This airport is on the west side of the river, directly across from Mission San Juan. It’s the second oldest general aviation airport operating in our nation. The location is very easy to reach from downtown, or the south side of San Antonio. I noticed several small planes flying to, or from, Stinson Airport during the first few miles of our hike. Did any of the pilots notice us as we walked the riverwalk? They were flying low enough for a visual, but I could only wonder.
This is one of several dams along the river, and you will find it at Espada Park. The river is several feet higher behind the dam. It is also much wider, and deeper. This looks like a great spot for fishing, bird watching, hiking and paddling. Look to the west toward the cemetery and you will see a beautiful waterfall.
These old bathhouse ruins are located along the east side of the San Antonio Riverwalk, across from Mission San Jose. Those who bathed in the sulfur water were cured of diseases (supposedly). Hot Wells is over 100 years old, and has been through at least two fires. The current owner plans on restoring the property, which has clearly been in ruins for many years.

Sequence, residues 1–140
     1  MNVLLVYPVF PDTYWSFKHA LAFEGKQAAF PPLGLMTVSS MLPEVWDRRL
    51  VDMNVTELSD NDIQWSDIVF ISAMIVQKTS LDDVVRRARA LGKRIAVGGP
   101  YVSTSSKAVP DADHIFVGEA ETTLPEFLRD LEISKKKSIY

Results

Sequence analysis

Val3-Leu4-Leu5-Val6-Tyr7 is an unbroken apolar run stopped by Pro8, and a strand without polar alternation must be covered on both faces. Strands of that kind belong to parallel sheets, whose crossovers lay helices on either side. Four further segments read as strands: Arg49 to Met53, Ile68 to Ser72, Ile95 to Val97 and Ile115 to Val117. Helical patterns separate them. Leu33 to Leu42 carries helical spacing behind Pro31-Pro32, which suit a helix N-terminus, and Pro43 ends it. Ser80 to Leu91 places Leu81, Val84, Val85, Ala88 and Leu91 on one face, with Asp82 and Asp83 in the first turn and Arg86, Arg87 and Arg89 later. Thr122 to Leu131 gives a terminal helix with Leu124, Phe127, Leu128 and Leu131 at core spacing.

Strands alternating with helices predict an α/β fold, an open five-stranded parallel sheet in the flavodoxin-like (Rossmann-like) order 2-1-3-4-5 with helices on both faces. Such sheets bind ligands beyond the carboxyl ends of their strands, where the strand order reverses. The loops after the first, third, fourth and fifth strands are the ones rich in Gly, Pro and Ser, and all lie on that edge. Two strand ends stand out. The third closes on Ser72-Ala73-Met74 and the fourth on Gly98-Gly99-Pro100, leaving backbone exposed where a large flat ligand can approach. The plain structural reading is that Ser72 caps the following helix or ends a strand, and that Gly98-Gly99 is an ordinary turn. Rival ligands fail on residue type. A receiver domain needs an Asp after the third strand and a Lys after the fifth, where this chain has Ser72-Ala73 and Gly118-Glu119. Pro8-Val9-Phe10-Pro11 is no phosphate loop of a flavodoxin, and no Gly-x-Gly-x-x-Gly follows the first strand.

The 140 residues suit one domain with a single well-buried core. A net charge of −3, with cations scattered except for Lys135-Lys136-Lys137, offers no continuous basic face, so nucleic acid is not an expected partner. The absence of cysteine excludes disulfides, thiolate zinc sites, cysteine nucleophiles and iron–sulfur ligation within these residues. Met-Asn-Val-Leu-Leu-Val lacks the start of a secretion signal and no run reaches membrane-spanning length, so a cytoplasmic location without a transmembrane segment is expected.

This is a beautiful park just north of the confluence where San Pedro Creek joins the San Antonio River. The pavilions at Confluence Park are designed to collect rainwater, and store it underground. The space is also energy neutral, and contains five different ecotypes. It’s free to visit, and an educational experience for students.
It took us a few hours to reach Confluence Park. Our current distance was nine miles (from the start), and we needed a short break from the sun. As we cooled off in the shade, Abbey nearly fell asleep.